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Über dieses Buch

This volume is a comprehensive collection of extended contributions from the Workshop on Computational Optimization 2014, held at Warsaw, Poland, September 7-10, 2014.

The book presents recent advances in computational optimization. The volume includes important real problems like parameter settings for controlling processes in bioreactor and other processes, resource constrained project scheduling, infection distribution, molecule distance geometry, quantum computing, real-time management and optimal control, bin packing, medical image processing, localization the abrupt atmospheric contamination source and so on.

It shows how to develop algorithms for them based on new metaheuristic methods like evolutionary computation, ant colony optimization, constrain programming and others. This research demonstrates how some real-world problems arising in engineering, economics, medicine and other domains can be formulated as optimization tasks.



Finding Optimal Discretization Orders for Molecular Distance Geometry by Answer Set Programming

The Molecular Distance Geometry Problem (MDGP) is the problem of finding the possible conformations of a molecule by exploiting available information about distances between some atom pairs. When particular assumptions are satisfied, the MDGP can be discretized, so that the search domain of the problem becomes a tree. This tree can be explored by using an interval Branch & Prune (iBP) algorithm. In this context, the order given to the atoms of the molecules plays an important role. In fact, the discretization assumptions are strongly dependent on the atomic ordering, which can also impact the computational cost of the iBP algorithm. In this work, we propose a new partial discretization order for protein backbones. This new atomic order optimizes a set of objectives, that aim at improving the iBP performances. The optimization of the objectives is performed by Answer Set Programming (ASP), a declarative programming language that allows to express our problem by a set of logical constraints. The comparison with previously proposed orders for protein backbones shows that this new discretization order makes iBP perform more efficiently.
Douglas Gonçalves, Jacques Nicolas, Antonio Mucherino, Carlile Lavor

Estimation of Edge Infection Probabilities in the Inverse Infection Problem

Several methods have been proposed recently to estimate the edge infection probabilities in infection or diffusion models. In this paper we will use the framework of the Generalized Cascade Model to define the Inverse Infection Problem—the problem of calculating these probabilities. We are going to show that the problem can be reduced to an optimization task and we will give a particle swarm based method as a solution. We will show, that direct estimation of the separate edge infection values is possible, although only on small graphs with a few thousand edges. To reduce the dimensionality of the task, the edge infection values can be considered as functions of known attributes on the vertices or edges of the graph, this way only the unknown coefficients of these functions have to be estimated. We are going to evaluate our method on artificially created infection scenarios. Our main points of interest are the accuracy and stability of the estimation.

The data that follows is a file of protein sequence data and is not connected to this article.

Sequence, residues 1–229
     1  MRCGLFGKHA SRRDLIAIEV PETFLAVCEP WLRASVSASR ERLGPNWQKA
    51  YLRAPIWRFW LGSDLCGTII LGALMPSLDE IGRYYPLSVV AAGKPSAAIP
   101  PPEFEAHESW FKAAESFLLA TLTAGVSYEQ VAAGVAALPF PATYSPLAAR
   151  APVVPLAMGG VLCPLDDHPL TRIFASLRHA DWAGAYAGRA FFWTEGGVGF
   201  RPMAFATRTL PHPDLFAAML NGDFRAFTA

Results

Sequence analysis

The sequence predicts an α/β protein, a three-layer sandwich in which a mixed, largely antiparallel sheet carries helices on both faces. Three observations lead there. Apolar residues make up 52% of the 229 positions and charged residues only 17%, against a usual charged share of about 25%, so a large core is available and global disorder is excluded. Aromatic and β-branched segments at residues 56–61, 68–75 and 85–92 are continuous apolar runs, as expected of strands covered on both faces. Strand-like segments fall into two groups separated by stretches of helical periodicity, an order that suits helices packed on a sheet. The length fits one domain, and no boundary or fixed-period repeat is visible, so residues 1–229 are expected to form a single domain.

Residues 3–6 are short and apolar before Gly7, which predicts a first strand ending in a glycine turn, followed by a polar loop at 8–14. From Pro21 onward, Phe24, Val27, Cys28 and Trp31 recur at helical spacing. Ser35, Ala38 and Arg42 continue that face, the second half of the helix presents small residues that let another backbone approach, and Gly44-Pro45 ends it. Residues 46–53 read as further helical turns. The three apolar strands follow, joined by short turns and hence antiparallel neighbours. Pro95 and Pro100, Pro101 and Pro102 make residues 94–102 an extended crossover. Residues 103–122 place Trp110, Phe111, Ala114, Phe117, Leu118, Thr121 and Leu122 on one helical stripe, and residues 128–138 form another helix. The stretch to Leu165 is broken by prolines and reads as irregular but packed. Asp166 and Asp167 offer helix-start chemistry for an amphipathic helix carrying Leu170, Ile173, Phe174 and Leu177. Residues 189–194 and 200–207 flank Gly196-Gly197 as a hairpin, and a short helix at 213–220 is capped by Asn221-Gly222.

András Bóta, Miklós Krész, András Pluhár

On a Quantum Algorithm for the Resolution of Systems of Linear Equations

The numerical resolution of systems of linear equations is an important problem which recurs continously in applied sciences. In particular, it represents an indispensable tool in applied mathematics which can be utilized as a foundation to more complicated problems (e.g. optimization problems, partial differential equations, eigenproblems, etc.). In this work, we introduce a solver for systems of linear equations based on quantum mechanics. More specifically, given a system of linear equations we introduce an equivalent optimization problem which objective function defines an electrostatic potential. Then, we evolve a many-body quantum system immersed in this potential and show that the corresponding Wigner quasi-distribution function converges to the global energy minimum. The simulations are performed by using the time-dependent, ab-initio, many-body Wigner Monte Carlo method. Finally, by numerically emulating the (random) process of measurement, we demonstrate that one can extract the solution of the original mathematical problem. As a proof of concept we solve 3 simple, but different, linear systems with increasing complexity. The outcomes clearly show that our suggested approach is a valid quantum algorithm for the resolution of systems of linear equations.
J. M. Sellier, I. Dimov

Synthesis of Self-Adaptive Supervisors of Multi-Task Real-Time Object-Oriented Systems Using Developmental Genetic Programming

This chapter presents a procedure for automatic creation of self-adaptive artificial supervisors of multi-task real-time object-oriented systems (MT RT OOS). The procedure is based on developmental genetic programming. Early UML diagrams describing a MT RT OOS are used as input data to the procedure. Next, an artificial supervisor which optimizes the system use is automatically generated. The supervisor is self-adaptive what means that it is capable of keeping optimality of the system in spite of disruptions that may occur dynamically in time of the system work. A representative example of creation of a supervisor of building a house illustrates the procedure. Efficiency of the procedure from the point of view of self-adaptivity of the supervisor is investigated.